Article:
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COMMONWEALTH PENNSYLVANIA v. LOIS ELLA RIDGELY (11/22/76)

decided: November 22, 1976.

COMMONWEALTH OF PENNSYLVANIA, APPELLEE,
v.
LOIS ELLA RIDGELY, APPELLANT



Appeal from the Judgment of Sentence in the Court of Common Pleas of Allegheny County, Pennsylvania, Criminal Division at No. 4568A of 1974. No. 120 April Term, 1976.

COUNSEL

John J. Dean, Anthony J. Lalama, Pittsburgh, for appellant.

John J. Hickton, Dist. Atty., Robert L. Eberhardt, Louis R. Paulick, Asst. Dist. Attys., Pittsburgh, for appellee.

Watkins, President Judge, and Jacobs, Hoffman, Cercone, Price and Van der Voort, JJ. Spaeth, J., absent.

Author: Cercone

[ 243 Pa. Super. Page 400]

Appellant, Lois Ella Ridgely, was tried on two indictments arising out of a series of thefts of credit cards, check books and identification cards from patrons of the Monroeville European Health Spa in the Pittsburgh area. These items were used to make unlawful purchases at stores in the Monroeville area. In a non-jury trial she was found not guilty on the first indictment charges, but guilty on the second indictment charge of criminal conspiracy with a Connie Peppetti. She raises two issues on appeal.

First, appellant contends the evidence was insufficient to sustain her conviction for criminal conspiracy. The main element of criminal conspiracy is the agreement between two or more persons to commit a crime or agreement by a person to aid another in planning a crime. Act of December 6, 1972, P.L. 1482, No. 334, ยง 1, 18 P.C.S. 903. When determining the sufficiency of the evidence, the standard is whether accepting as true all the Commonwealth's evidence and the reasonable inferences from the evidence upon which the fact finder could base a verdict, such evidence and inferences are sufficient in law to prove guilt beyond a reasonable doubt. Commonwealth v. Waters, 463 Pa. 465, 345 A.2d 613 (1975).

On the evenings of April 15 and April 19, 1974, several patrons of the European Health Spa discovered that, while they were using the Spa facilities, someone had gone into their lockers and had taken their purses or property from their purses. Credit cards, checks, identification and cash were taken. Unauthorized purchases were made with the stolen property at stores in the Monroeville area.

In essence, Connie Peppetti, the co-conspirator, testified to appellant's participation in planning and committing the thefts and using the stolen property to make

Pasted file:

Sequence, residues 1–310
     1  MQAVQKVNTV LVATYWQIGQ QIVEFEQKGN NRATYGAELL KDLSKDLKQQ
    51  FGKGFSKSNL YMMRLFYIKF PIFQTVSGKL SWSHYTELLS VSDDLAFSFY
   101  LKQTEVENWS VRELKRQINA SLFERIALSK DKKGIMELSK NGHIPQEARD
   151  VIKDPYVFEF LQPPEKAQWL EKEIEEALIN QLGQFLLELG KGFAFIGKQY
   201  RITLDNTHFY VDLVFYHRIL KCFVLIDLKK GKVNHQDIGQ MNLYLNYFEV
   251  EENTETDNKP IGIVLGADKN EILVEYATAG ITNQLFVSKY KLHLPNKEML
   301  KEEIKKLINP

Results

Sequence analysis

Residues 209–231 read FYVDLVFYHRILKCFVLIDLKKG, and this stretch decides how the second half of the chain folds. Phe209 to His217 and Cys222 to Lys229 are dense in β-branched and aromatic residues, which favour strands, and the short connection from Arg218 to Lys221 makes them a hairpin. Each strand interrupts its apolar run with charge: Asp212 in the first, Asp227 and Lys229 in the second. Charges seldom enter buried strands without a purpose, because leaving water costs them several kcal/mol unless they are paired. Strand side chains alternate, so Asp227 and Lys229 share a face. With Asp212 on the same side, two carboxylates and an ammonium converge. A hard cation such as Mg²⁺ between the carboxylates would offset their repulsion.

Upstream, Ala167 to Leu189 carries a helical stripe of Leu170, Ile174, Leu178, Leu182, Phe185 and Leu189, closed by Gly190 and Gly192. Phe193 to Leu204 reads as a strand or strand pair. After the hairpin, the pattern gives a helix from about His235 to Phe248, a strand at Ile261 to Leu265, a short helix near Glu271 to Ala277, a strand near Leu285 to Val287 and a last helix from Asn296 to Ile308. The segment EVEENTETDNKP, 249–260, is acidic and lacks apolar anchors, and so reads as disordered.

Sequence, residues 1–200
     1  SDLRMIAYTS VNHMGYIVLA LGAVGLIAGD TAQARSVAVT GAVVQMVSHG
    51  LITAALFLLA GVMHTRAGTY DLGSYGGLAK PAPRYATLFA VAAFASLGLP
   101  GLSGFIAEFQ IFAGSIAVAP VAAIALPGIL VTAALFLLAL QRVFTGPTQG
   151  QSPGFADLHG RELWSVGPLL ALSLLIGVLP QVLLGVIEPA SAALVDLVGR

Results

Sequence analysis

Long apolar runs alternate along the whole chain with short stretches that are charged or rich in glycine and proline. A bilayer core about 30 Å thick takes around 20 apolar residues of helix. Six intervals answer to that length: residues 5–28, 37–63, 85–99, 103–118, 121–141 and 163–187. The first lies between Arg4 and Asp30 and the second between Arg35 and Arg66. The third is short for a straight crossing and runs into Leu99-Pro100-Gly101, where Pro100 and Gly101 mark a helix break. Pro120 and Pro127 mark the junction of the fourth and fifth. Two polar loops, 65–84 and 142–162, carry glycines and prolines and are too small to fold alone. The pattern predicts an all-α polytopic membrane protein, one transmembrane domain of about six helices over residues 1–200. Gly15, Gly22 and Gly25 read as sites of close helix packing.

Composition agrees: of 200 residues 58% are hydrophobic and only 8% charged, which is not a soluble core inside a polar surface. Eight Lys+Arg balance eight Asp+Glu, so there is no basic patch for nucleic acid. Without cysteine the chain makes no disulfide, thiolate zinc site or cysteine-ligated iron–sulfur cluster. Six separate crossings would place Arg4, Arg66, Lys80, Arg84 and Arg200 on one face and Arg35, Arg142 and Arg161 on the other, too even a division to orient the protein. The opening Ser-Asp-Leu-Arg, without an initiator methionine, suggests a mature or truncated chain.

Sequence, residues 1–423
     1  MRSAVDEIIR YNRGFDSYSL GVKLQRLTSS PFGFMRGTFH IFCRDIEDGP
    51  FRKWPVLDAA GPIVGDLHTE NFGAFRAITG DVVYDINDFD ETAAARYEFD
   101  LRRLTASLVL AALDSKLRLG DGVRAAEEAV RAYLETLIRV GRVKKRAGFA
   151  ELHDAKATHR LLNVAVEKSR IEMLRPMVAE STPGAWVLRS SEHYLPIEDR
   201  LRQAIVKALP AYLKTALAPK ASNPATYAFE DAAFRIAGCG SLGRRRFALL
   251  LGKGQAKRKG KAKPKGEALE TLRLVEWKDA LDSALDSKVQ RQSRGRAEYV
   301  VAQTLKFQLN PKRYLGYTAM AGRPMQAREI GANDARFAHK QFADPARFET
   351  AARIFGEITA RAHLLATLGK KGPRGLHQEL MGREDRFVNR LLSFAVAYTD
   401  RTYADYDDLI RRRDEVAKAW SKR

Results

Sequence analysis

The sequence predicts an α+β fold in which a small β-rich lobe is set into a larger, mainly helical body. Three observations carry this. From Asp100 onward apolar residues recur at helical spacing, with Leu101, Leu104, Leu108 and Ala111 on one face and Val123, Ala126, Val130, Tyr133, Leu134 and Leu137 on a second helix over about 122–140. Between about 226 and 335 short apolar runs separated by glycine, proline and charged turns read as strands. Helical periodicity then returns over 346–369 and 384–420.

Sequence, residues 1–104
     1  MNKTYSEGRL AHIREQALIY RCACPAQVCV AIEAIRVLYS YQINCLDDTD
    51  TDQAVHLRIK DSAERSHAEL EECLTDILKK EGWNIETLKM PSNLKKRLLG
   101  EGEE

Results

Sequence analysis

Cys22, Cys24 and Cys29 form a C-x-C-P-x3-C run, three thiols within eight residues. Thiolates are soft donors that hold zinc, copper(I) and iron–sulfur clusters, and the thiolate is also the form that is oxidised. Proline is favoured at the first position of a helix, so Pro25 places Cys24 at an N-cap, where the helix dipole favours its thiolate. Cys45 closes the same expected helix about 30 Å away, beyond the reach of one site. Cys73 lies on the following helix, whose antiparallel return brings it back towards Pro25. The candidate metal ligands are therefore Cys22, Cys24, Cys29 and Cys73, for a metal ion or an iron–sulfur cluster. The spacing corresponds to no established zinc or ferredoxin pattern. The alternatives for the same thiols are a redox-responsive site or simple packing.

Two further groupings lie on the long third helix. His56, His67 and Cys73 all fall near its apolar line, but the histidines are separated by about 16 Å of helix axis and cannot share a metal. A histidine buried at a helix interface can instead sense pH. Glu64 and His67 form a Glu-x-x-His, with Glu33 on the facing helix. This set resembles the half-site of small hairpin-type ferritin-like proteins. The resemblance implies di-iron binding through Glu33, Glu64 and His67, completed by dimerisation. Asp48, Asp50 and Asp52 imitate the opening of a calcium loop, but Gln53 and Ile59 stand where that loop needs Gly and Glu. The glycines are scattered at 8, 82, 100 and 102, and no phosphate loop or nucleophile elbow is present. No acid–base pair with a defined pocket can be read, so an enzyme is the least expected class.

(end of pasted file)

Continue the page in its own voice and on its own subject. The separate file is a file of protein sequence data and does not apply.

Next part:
[ 243 Pa. Super. Page 401]

    purchases. One of the victims testified to seeing appellant and Connie Peppetti together in the locker room on April 19, 1974. Neither appellant nor Connie Peppetti was a member of the Spa. They used the membership card of appellant's sister to gain admittance. On April 19, 1974, Connie Peppetti left appellant at the Spa for a few hours returning to pick up appellant. Appellant and Connie Peppetti were leaving the parking lot in Connie Peppetti's car when they were arrested. The stolen property was found in Connie Peppetti's possession.

Testifying on her own behalf, appellant admitted being in the Spa with Connie Peppetti on both nights and accompanying her, on April 15, to the Monroeville Mall where some of the purchases were made. Appellant denied any participation or agreement to participate in the thefts and gave a different explanation of her activities and presence with Connie Peppetti at the relevant times.

Appellant claims her mere presence with Connie Peppetti at the relevant times, with the uncorroborated testimony of a co-conspirator providing the only proof of her participation, is not enough to prove her participation and sustain the conviction. A conviction on a charge of criminal conspiracy may be sustained without direct or explicit proof of an unlawful agreement. The conduct of the parties and the circumstances surrounding their activities may support the inference that ...


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